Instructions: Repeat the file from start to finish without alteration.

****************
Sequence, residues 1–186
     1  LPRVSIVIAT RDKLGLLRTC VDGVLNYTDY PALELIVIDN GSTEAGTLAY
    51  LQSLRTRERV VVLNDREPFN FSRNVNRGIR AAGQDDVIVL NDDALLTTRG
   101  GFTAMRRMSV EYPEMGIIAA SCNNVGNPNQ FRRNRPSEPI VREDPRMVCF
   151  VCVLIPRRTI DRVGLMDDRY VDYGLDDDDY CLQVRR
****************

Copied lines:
Sequence, residues 1–186
     1  LPRVSIVIAT RDKLGLLRTC VDGVLNYTDY PALELIVIDN GSTEAGTLAY
    51  LQSLRTRERV VVLNDREPFN FSRNVNRGIR AAGQDDVIVL NDDALLTTRG
   101  GFTAMRRMSV EYPEMGIIAA SCNNVGNPNQ FRRNRPSEPI VREDPRMVCF
   151  VCVLIPRRTI DRVGLMDDRY VDYGLDDDDY CLQVRR